Last Ones Standing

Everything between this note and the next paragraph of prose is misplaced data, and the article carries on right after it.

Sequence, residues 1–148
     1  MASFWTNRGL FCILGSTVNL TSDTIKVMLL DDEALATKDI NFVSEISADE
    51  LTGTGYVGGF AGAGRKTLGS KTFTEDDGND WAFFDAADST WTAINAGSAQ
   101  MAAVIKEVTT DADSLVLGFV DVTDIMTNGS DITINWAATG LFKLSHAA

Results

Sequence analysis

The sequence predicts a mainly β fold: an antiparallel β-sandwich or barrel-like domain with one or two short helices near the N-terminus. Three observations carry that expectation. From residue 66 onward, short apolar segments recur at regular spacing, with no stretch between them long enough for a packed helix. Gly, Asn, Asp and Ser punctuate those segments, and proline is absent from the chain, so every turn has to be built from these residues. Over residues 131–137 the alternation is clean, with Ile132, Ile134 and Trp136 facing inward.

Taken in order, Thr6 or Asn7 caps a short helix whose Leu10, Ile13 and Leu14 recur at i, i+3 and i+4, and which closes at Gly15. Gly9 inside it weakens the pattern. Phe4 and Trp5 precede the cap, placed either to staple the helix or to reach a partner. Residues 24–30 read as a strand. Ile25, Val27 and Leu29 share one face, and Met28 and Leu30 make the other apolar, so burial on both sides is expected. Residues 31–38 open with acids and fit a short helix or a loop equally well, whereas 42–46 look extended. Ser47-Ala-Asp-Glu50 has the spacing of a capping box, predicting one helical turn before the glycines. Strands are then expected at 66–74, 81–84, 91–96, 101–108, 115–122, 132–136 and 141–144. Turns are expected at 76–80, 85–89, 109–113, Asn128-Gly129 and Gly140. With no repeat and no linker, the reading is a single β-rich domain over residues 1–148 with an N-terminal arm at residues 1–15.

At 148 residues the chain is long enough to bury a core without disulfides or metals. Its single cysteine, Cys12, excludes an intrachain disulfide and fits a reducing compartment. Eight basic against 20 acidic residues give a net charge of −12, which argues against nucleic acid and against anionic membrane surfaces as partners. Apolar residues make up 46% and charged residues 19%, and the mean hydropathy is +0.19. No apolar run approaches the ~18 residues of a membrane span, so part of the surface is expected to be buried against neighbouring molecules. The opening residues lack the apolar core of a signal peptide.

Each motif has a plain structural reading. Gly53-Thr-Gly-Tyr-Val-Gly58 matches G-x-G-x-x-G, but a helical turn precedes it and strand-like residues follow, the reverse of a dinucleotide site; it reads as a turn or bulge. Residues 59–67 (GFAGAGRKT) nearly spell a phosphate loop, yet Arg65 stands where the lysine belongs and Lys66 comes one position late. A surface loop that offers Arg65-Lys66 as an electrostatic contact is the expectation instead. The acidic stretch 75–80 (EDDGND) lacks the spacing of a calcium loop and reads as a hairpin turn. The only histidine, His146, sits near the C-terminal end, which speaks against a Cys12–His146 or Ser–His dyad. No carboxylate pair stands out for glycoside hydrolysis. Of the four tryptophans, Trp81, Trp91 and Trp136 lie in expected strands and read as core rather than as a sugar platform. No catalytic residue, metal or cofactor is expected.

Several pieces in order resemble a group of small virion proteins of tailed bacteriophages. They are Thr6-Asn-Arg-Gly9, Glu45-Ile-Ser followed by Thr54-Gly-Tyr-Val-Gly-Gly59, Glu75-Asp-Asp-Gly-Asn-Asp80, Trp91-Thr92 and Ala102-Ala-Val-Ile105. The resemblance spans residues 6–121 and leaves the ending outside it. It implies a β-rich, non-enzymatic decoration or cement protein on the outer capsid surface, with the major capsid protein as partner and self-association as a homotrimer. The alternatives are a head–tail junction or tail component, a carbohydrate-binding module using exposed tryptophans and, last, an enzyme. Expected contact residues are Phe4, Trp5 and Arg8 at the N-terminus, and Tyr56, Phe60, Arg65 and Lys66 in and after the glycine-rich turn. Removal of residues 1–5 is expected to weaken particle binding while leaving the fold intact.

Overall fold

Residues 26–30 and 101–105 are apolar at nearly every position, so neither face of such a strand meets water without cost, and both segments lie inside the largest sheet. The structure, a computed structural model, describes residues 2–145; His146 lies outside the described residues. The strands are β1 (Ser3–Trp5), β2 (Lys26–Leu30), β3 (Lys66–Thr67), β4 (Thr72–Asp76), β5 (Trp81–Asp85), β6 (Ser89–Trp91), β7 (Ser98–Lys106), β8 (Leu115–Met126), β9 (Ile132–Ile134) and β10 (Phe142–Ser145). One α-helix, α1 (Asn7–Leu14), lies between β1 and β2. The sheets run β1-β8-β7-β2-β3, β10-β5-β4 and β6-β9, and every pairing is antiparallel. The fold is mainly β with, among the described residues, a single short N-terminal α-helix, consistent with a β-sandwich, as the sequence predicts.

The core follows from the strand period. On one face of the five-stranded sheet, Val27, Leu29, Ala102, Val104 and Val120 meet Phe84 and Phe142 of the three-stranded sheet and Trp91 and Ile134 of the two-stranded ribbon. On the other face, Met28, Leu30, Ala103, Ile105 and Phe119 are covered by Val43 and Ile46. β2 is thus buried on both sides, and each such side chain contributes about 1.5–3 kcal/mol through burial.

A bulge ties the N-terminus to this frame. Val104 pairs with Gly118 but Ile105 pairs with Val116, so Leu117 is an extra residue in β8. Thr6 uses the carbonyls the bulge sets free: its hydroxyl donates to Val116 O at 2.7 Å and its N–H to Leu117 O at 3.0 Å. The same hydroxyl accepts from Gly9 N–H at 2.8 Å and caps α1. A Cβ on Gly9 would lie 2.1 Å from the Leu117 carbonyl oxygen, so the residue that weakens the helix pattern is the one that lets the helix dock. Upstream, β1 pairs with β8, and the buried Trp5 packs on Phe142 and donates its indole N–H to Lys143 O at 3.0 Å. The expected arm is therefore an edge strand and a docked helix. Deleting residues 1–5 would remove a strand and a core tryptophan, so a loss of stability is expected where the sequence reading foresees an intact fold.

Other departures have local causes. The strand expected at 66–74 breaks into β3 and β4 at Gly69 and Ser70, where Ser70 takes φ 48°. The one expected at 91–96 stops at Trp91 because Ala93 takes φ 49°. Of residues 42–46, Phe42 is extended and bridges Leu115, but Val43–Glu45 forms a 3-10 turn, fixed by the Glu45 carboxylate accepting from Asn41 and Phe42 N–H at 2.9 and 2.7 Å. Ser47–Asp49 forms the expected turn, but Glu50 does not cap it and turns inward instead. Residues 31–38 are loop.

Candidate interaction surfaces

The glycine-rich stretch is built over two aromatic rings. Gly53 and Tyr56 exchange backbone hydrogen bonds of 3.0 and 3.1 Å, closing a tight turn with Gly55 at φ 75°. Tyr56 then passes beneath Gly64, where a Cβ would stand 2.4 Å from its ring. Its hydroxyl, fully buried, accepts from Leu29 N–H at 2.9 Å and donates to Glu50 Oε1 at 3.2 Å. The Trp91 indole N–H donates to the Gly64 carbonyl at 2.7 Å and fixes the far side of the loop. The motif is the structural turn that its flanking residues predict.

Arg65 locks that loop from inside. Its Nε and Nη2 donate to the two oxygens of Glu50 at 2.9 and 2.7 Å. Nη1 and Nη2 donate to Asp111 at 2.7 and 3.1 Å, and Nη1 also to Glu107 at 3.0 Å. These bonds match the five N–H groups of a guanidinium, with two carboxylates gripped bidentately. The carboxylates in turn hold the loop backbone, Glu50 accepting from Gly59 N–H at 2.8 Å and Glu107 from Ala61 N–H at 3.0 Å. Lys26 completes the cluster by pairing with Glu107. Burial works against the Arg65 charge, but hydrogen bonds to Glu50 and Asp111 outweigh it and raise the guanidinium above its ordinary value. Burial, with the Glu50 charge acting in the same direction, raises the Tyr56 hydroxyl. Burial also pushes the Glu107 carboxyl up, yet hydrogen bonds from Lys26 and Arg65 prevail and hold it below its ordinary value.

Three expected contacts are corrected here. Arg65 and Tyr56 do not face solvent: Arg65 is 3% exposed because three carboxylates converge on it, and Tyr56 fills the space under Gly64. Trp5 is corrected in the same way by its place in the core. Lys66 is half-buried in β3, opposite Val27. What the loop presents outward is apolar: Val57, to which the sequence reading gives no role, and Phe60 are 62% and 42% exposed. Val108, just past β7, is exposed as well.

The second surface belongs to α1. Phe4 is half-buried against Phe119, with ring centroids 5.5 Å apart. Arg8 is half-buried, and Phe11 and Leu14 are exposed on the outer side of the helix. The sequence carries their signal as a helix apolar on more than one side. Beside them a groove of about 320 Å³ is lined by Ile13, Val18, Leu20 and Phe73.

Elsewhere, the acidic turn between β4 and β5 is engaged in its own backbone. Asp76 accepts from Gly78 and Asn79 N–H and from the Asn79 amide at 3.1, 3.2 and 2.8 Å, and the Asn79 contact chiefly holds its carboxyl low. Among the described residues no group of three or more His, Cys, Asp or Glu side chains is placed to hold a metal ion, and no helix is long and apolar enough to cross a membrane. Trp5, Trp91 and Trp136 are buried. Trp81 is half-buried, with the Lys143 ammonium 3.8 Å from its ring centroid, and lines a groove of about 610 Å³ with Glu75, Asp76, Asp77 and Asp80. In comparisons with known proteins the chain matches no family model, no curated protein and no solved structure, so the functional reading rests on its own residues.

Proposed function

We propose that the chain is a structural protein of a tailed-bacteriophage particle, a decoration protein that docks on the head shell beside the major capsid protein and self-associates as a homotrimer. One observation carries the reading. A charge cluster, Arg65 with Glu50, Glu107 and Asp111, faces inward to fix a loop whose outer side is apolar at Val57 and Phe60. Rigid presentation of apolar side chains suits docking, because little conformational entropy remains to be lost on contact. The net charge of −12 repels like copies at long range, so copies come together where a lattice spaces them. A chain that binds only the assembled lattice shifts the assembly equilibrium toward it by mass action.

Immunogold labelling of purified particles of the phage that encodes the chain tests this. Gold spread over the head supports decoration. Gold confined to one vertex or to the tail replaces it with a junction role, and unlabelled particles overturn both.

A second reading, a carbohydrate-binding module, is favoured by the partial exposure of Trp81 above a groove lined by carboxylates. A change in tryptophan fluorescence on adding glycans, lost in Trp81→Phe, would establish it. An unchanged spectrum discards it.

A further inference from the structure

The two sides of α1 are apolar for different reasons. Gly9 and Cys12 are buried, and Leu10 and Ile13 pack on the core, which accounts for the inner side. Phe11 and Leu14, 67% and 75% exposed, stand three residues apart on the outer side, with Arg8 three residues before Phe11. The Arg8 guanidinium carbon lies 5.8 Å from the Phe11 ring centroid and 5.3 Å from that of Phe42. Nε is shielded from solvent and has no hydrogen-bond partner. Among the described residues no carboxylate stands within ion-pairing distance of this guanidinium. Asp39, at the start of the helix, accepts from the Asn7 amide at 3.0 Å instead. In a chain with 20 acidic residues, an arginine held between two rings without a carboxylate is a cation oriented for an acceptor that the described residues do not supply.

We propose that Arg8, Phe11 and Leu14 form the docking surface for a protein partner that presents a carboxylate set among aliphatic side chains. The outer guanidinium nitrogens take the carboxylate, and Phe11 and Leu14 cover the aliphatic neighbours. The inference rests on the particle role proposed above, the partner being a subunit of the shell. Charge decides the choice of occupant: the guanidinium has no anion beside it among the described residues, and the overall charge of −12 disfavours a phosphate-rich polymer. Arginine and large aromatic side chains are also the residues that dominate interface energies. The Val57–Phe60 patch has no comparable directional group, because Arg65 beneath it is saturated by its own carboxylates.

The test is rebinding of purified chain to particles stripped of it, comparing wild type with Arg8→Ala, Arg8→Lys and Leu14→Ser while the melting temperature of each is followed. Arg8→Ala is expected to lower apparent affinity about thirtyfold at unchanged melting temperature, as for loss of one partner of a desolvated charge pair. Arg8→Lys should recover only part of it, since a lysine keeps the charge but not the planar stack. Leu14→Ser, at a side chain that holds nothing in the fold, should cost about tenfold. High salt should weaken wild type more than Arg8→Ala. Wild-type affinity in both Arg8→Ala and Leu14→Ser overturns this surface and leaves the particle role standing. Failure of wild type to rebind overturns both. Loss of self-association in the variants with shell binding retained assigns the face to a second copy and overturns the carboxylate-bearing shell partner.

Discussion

Rachel Stone Features Editor Sometimes, an explanation can never really describe a moment. No matter how much you focus your linguistic camera, the transience of a memory made will always be a little blurred. Or, the description will just sound stupid the next day. Whatever your interpretation, Latin’s homecoming was one of those moments.   As many (read: all) of you know, at about 8:30 that Saturday, there was a mass exodus from the dance floor. Chalk it up to the 8-minute cha cha slide, the succession of power ballads, or simply the sheer un-coolness of an event that promised to be a tad classier than years past. I get it.   For the ten minutes while the rate of students leaving could have been measured on an exponential graph, I would be lying if I didn’t say it felt a bit like a car crash. I couldn’t leave. I couldn’t walk away.  No dance had ever actually stopped…but if it did, I wanted to witness it. So I stayed.   And yet, like some Cinderella story spat backwards out of a time machine, the party transformed. No longer was it a sad, discarded pumpkin, but a true ball. I wasn’t quite sure how it happened, and I don’t think I understand it now either.   Somehow, though the people had left, the party remained…at least, for us 15 students who decided to get their 10 dollars worth. Something magical happened between the hours of 8:45 and 10:00, and though that something might now seem superfluously clichéd, it wasn’t. Someone (it might have been Samantha Cohen) decided that, if we were going to stay anyways, we might as well enjoy it. And that is just what happened. Seniors blended into Freshmen into Sophomores into strobe lights and glowsticks and synthesizers and dance. We danced Thriller, we danced with faculty and alumni and (I’m pretty sure) Mabel Slade Vickery herself. Someone had the wonderful idea to request the DJ to play salsa, and the floor was transformed in a frenzy of clapping and swirling and skirts billowing out to their full potential, unhindered by walls of sweating, standing students. We were the 300 soldiers at the Battle of Thermopylae. We knew all the lyrics to Party in the U.S.A, and we were not ashamed. We were united, we were sentimental, and we brandished air guitars.   So, if you are reading this, and you have absolutely no idea what I am talking about (and are thinking to yourself that maybe I have read a little bit too much Keats or listened to too many Seniors talk about their retreat), you were definitely not in the gym when the class system of high school as we know it was shattered into a million reverberations.   We were the last ones standing, and that was fine by us.